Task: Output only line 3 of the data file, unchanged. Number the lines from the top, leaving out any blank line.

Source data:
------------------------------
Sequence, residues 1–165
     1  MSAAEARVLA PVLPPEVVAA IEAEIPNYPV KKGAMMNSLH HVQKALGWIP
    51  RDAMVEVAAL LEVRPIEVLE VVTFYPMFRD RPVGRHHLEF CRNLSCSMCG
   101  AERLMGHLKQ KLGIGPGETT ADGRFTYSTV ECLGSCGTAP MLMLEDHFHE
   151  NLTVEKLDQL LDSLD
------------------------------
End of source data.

    51  RDAMVEVAAL LEVRPIEVLE VVTFYPMFRD RPVGRHHLEF CRNLSCSMCG